According to Doug Weller, three elements make up a good six-word story: it makes sense to the reader, it takes him/her on a journey, and it leaves the reader with emotion. A perfect example of this would be Hemingway’s famous “For sale: baby shoes. Never worn.”
Make sure to give this exercise to your students next lesson and watch their creative minds bloom!
Avoid the letter ‘e’
Henri Matisse, the French Visual Artist, says “Don’t wait for inspiration. It comes while working.” Recent research has debunked the myth that creativity is inherent or genetic. On the contrary, scientists now believe that creativity is a skill that is acquired through regular practice and exercise.
An entertaining way to develop your students’ creative thinking skills is to play the game “avoid the letter e.” You can organize the class into pairs and allow them to have a conversation without using the letter ‘e’.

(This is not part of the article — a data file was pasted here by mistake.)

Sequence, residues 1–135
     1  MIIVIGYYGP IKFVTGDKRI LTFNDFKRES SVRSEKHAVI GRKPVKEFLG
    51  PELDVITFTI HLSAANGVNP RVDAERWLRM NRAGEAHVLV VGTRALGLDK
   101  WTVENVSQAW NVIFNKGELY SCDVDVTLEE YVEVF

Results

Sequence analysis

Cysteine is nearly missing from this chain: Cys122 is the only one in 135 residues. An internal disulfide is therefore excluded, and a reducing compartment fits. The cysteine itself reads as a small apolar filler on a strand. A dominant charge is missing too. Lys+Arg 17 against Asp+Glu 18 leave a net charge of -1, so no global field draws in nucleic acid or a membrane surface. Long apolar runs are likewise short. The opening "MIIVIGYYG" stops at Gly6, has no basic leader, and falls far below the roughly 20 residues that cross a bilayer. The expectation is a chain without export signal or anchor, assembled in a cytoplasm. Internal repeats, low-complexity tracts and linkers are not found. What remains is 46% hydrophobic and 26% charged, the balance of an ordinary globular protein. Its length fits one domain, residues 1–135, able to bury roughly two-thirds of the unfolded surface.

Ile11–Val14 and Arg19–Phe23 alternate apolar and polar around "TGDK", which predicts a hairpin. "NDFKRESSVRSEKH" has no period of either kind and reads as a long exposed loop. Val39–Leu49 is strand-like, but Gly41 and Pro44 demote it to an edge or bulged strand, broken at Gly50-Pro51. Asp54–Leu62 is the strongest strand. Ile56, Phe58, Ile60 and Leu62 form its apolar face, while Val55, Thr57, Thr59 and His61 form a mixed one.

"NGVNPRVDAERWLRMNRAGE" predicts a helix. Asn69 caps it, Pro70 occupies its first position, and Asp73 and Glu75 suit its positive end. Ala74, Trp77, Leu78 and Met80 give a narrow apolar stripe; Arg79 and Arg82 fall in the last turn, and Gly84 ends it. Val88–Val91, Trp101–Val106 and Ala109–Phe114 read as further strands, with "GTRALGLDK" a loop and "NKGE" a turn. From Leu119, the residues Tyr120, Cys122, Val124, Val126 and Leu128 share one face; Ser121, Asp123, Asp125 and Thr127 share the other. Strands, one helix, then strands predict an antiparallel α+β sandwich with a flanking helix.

This will train their minds to be resourceful when it comes to language usage.
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b) Creative Thinking Activities For Students
Take a look at some of these creative thinking activities for students to use online or in the actual classroom.
-Look Away from What You Are Creating
Working on drawing what you actually see rather than what you imagine you see is the aim of the exercise.
So basically you get a pencil and a piece of paper and allow yourself 5 minutes. But do not look at the page while drawing. Instead, turn around and look at your hand while drawing, not the paper itself.
The goal is to draw the details of your hand and not your entire hand. Also, avoid picking up your pencil during this activity.
-Concentrate on Quantity